Friday, October 01, 2004

Nurse auction

Websites may be set up so that nurses could bid their price for a shift and the lowest priced nurse would be employed.

The NHS spent £600 million on agency staff last year. The wages for agency staff can be 30 - 40% higher than contracted staff.
So you would think that the interested bodies would be in favour because it offers more choice + a chance to save money: lower wages + the IT will save HR costs.

However, perhaps not surprisingly,the Royal College of Nursing is opposed:
"This is gimmicky and disrespectful to the professionalism of nursing. It encourages cheap labour and the RCN would be strongly opposed. This system has the potential to exploit vulnerable nurses, particularly overseas nurses, who comprise a significant proportion of the London nursing workforce. They could be pressured into underselling their skills having come from countries that pay nurses a lot less".

Head of nursing for Unison, Gail Evans, said:
"It would set nurse against nurse in unhealthy competition and is not an effective way of managing wards or getting the right skills mix. Nurses choose to work shifts because they have childcare responsibilities and to set these nurses against each other is an outrageous situation".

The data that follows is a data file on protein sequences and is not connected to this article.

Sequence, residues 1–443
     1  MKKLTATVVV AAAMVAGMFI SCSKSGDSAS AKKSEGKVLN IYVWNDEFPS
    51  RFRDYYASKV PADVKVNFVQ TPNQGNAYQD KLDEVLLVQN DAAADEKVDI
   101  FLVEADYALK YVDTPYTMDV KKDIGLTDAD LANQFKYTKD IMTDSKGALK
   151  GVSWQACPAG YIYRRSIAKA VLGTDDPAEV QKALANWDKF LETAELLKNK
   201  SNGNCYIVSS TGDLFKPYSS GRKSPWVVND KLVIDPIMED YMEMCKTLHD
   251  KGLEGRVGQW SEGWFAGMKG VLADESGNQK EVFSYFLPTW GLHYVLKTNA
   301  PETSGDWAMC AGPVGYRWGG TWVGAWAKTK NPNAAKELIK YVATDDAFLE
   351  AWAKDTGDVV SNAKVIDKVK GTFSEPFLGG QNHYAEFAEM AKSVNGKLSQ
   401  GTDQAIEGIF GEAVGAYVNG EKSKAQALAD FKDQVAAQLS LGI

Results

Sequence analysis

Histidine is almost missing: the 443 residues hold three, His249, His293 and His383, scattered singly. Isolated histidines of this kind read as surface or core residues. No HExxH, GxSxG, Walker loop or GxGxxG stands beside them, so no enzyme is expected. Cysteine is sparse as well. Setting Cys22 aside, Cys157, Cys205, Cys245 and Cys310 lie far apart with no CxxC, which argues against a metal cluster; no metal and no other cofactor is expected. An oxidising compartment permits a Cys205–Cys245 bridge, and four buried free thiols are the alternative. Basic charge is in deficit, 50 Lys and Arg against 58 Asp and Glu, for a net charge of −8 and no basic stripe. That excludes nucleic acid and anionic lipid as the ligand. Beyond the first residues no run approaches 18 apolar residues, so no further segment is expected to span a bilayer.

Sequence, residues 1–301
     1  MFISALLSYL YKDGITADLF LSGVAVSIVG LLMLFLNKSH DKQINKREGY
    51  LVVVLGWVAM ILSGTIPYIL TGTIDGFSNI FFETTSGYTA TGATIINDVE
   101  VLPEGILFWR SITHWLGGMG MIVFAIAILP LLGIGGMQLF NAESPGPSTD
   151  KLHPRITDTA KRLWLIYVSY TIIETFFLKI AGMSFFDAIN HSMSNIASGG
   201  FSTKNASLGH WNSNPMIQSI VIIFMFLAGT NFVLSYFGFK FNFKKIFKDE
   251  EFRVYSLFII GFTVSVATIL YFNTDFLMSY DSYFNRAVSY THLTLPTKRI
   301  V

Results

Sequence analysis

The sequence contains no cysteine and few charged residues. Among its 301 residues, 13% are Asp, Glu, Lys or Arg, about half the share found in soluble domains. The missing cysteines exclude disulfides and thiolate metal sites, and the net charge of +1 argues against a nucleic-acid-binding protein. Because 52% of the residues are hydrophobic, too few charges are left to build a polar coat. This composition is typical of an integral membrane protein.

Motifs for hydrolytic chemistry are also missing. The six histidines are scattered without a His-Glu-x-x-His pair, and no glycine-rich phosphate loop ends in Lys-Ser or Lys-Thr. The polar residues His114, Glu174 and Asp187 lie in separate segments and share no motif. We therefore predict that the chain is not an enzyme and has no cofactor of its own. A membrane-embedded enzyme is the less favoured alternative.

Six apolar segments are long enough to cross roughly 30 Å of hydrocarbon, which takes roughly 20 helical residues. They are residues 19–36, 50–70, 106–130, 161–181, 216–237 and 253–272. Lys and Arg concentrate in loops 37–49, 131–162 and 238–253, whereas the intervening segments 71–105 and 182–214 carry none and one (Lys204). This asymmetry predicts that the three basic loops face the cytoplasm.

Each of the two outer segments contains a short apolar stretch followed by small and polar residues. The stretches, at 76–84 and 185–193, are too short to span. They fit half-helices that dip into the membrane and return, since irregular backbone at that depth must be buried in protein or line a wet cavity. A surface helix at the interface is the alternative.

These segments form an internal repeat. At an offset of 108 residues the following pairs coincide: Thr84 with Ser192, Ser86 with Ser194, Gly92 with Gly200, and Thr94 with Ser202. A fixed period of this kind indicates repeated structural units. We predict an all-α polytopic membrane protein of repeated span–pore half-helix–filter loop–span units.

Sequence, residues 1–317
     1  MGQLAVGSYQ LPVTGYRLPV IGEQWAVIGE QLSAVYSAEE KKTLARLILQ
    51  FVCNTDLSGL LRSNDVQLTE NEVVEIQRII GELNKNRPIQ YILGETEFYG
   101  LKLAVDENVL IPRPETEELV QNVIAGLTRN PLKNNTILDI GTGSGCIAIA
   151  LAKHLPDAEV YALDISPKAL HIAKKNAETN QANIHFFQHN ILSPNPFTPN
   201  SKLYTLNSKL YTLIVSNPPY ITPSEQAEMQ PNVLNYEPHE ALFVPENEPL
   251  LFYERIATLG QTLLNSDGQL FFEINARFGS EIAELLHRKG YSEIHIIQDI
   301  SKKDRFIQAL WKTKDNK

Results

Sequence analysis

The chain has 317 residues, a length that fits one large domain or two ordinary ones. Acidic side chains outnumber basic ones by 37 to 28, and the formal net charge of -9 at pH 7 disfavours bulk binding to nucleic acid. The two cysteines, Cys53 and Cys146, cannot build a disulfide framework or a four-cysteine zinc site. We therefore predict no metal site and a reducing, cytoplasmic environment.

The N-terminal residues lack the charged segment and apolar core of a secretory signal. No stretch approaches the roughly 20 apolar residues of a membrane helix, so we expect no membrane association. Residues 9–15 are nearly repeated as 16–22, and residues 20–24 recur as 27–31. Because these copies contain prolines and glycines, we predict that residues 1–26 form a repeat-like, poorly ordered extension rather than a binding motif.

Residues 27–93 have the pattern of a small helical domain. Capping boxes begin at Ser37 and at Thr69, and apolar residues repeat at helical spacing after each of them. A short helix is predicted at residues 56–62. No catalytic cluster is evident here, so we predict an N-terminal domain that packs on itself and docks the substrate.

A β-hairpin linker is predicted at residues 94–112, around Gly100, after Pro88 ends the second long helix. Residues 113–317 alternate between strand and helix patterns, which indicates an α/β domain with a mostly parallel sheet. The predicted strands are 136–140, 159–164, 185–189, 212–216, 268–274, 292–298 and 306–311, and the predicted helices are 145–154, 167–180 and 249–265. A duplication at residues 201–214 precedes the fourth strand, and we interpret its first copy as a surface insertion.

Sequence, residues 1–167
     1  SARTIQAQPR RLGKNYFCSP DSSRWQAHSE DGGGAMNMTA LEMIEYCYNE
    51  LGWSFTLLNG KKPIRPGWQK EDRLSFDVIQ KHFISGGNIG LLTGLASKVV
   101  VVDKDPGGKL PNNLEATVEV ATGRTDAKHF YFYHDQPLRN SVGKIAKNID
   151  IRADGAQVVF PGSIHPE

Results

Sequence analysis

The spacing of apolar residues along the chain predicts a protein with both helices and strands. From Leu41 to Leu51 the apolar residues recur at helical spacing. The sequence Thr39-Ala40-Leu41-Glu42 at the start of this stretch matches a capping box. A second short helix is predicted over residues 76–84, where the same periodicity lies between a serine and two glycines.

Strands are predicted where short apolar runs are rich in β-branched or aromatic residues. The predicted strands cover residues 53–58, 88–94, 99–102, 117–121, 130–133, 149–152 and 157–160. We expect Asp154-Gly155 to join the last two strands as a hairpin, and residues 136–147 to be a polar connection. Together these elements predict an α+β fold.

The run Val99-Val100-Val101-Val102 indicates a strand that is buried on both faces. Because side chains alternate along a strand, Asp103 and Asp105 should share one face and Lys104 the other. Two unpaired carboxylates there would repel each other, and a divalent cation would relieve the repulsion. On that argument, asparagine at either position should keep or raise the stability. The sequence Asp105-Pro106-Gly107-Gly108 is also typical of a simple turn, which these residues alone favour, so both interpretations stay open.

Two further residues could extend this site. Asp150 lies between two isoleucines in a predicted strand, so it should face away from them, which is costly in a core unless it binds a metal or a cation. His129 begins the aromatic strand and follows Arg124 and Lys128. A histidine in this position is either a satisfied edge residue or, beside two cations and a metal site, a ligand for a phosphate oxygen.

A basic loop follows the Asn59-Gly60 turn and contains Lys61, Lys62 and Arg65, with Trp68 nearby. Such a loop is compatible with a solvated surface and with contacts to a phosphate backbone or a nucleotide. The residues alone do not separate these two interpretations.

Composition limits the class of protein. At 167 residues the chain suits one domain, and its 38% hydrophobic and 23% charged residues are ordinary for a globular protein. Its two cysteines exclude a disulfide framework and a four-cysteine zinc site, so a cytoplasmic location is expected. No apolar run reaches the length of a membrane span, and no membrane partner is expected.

Marx couldn't have said it better himself: competition is bad, the workers would be exploited + exploit themselves + others. Note the suggestion that foreign nurses are not clever enough to use the system.
Yes it does encourage cheap labour - that is the point, because the NHS has finite resources + needs to spend money efficiently. Presumably the system will incorporate all the necessary factors (such as skills) leading to a ceteris paribus situation: given that these 10 nurses have the same skills, and X is prepared to work for the least, why not hire her?
If the system incorporates reputation via feedback from the employers (as in the Amazon sellers system) it would seem to be a winner for all concerned, except, as always, the vested interests.

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